Progress update time!
Today we have a post from Irene in the Facebook group, sharing her fantastic reduction from a starting double digit minus correction. These are particularly inspiring since it’s really like stepping back from the cliff – high myopia creates a lot of potential serious long term vision health issues you really don’t want to encounter.
You don’t want to ever experience lattice degeneration or retinal detachment or glaucoma. You do want to experience how much better the world looks through lower diopter lenses, though!
Here’s Irene’s update:
You may be truly saving your eyesight, taking corrective action if you have high myopia today.
These are the kind of things the Internet is humanity-changing for. Before the Internet you favorite eye guru used to exist only to a small number of people, by referral of word of mouth, and in-person meetings. At most ten people per month, often less would have the opportunity to discuss the method now available to you from really anywhere in the world.
Also back then all of these ideas weren’t cataloged the way they are today via the blog. There wasn’t an active and growing support community like our Facebook group today. There wasn’t anywhere to read all of these progress reports, to be motivated by and learn from.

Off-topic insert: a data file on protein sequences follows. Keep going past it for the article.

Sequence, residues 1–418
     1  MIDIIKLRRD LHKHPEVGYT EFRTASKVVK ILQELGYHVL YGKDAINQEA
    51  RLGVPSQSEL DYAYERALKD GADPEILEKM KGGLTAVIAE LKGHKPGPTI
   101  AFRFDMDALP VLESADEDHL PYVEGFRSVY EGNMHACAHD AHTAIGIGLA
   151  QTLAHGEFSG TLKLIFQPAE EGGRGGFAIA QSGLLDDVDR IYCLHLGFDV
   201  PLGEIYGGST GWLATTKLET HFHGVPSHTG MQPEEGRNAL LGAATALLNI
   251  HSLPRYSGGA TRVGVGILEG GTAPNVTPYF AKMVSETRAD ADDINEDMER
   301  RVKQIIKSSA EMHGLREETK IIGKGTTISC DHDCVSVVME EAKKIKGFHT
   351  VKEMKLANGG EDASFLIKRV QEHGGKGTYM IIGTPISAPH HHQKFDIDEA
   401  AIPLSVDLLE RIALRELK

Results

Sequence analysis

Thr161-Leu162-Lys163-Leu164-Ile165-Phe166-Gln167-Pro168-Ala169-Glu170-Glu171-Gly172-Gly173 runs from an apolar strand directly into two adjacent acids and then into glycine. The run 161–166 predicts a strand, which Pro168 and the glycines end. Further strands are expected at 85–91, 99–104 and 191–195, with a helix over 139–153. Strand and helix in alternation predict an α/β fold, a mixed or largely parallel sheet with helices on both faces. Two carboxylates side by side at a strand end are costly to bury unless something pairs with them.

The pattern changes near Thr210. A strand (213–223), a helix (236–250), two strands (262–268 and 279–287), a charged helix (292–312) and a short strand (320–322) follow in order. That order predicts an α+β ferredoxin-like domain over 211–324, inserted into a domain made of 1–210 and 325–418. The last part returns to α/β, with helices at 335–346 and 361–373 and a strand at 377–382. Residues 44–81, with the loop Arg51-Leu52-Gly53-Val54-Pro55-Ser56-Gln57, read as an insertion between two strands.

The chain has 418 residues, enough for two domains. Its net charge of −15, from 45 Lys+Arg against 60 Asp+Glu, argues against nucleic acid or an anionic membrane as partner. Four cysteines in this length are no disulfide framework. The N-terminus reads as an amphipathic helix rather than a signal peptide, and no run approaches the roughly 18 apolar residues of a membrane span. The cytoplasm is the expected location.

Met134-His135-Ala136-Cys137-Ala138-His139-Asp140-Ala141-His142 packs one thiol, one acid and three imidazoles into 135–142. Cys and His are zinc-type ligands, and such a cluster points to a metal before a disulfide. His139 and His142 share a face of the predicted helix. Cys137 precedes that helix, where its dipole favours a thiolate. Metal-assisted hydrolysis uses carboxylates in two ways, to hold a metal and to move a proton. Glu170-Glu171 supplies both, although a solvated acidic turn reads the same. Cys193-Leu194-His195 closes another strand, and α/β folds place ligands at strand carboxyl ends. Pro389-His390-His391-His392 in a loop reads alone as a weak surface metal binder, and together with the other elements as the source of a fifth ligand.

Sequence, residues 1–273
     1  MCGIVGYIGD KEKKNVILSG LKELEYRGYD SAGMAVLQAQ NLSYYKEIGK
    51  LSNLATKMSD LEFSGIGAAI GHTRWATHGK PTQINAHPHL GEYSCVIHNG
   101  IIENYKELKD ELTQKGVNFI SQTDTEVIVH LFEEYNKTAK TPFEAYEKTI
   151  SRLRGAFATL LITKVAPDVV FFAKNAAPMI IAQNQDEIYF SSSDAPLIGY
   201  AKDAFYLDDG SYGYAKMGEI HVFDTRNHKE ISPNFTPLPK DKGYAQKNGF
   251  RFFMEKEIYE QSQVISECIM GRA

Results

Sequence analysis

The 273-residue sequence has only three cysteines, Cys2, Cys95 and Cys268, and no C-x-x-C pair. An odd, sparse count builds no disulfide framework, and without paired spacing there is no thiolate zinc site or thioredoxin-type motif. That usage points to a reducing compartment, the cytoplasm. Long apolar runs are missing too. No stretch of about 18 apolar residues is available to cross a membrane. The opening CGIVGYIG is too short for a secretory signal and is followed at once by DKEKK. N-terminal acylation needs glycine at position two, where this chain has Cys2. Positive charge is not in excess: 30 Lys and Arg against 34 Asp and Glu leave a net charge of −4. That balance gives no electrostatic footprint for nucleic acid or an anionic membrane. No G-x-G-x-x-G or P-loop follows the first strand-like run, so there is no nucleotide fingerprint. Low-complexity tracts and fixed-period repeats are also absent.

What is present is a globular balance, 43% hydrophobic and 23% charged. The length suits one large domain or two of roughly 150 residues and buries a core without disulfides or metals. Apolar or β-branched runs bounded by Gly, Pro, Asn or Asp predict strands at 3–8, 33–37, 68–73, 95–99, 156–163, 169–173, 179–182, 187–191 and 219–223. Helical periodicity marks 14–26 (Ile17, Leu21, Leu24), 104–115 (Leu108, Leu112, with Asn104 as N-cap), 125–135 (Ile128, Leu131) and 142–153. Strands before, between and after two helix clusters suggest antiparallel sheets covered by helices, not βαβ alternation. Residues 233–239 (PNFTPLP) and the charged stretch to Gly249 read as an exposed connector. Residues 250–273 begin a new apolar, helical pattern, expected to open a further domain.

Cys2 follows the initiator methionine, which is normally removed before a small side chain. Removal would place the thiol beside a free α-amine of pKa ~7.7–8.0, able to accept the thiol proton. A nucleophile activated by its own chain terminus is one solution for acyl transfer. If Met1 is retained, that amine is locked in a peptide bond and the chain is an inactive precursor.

Myopia Awareness Is Spreading
Today we have thousands of members in our Facebook group, growing by the dozens every single day. Our Youtube views are about to cross the two million minutes mark (1319 days or 3.6 years equivalent of viewing time). Every single day people watch more than three days worth of endmyopia video on Youtube. Sure it’s a tiny spec by entertainment channel standards, but consider the reach of this message about myopia – every day three more days of time are consumed, learning about eyes.
Even this blog now has hundreds of thousands of readers and is also growing every day. Cracks will start forming in the mainstream message of myopia as “illness” and “genetic deficiency” and “irreversible”. Myopia will eventually become a choice, rather than some forever-affliction.
It’s the production quality (and that beard).
Keep sharing this resource, keep posting your own experiences, be part of the growing voice of reclaiming our own natural 20/20 eyeballs.